tree (set theoretic)
In a set , a tree is defined to be a set and a relation such that:
The nodes (elements of the tree) immediately greater than a node are termed its children, the node immediately less is its parent (if it exists), any node less is an ancestor and any node greater is a descendant. A node with no ancestors is a root.
The partial ordering represents from the root, and the well-ordering requirement prohibits any loops or splits below a node (that is, each node has at most one parent, and therefore at most one grand-parent, and so on). Conversely, if then there is exactly one such that and there is nothing between and . Note that there is no requirement that a node have a parent–there could be an infinitely long branch with each .
Since there is generally no requirement that the tree be connected, the null ordering makes any set into a tree, although the tree is a trivial one, since each element of the set forms a single node with no children.
Since the set of ancestors of any node is well-ordered, we can it with an ordinal. We call this the height, and write: . This all accords with usage: a root has height , something immediately above the root has height , and so on. We can then assign a height to the tree itself, which we define to be the least number greater than the height of any element of the tree. For finite trees this is just one greater than the height of its tallest element, but infinite trees may not have a tallest element, so we define .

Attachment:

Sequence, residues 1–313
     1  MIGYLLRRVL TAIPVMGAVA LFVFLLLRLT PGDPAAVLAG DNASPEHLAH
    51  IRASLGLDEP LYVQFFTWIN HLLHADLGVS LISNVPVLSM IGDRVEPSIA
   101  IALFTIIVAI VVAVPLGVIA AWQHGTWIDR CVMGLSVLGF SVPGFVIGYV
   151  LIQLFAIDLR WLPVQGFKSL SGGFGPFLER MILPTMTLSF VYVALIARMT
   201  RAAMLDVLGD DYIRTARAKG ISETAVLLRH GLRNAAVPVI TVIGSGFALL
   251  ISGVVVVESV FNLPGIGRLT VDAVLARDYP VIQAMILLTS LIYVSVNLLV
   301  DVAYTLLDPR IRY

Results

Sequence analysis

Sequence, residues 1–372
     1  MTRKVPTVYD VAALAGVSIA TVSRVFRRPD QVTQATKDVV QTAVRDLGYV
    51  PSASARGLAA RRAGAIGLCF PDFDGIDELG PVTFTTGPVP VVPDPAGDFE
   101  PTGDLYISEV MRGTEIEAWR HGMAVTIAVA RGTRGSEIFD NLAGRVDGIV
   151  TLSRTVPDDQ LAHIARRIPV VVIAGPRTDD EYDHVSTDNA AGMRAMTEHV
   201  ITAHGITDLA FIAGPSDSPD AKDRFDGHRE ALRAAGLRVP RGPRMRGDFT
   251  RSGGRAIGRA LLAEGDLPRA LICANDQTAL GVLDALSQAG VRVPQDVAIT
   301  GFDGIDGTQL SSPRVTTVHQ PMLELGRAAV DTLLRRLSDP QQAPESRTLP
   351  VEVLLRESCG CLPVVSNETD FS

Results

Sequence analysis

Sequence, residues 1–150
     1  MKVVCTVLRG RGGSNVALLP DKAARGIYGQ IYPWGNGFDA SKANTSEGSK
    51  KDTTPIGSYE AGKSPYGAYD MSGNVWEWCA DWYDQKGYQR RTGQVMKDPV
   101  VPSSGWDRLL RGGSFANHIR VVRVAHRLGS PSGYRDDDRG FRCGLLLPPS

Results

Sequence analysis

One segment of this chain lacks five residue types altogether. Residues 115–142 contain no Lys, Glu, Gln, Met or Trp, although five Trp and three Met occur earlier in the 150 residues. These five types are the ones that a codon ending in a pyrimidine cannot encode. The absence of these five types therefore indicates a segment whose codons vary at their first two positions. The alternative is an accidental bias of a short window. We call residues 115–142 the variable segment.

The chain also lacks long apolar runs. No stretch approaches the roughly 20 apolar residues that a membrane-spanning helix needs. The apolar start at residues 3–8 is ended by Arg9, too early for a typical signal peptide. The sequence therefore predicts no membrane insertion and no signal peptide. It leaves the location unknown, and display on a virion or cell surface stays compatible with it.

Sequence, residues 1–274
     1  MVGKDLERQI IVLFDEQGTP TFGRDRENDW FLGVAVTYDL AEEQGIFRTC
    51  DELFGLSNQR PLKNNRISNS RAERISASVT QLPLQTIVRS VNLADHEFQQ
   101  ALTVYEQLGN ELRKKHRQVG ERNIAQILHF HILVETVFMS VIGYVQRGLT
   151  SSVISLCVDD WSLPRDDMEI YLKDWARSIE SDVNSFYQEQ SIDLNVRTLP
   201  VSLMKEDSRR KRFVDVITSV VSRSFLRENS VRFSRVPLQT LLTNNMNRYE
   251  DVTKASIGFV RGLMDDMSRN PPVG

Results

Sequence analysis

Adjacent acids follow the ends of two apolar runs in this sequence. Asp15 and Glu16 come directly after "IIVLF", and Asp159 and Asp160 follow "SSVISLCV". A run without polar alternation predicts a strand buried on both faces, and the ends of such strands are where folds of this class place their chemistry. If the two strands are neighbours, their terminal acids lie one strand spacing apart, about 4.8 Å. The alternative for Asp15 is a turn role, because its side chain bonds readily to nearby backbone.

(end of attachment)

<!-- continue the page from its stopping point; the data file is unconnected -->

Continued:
For every we define the -th level to be the set . So of course is all roots of the tree. If then is the subtree of elements with height less than : .
We call a tree a -tree for any cardinal if and . If is finite, the only way to do this is to have a single branch of length .
|Title||tree (set theoretic)|
|Date of creation||2013-03-22 12:52:19|
|Last modified on||2013-03-22 12:52:19|
|Last modified by||Henry (455)|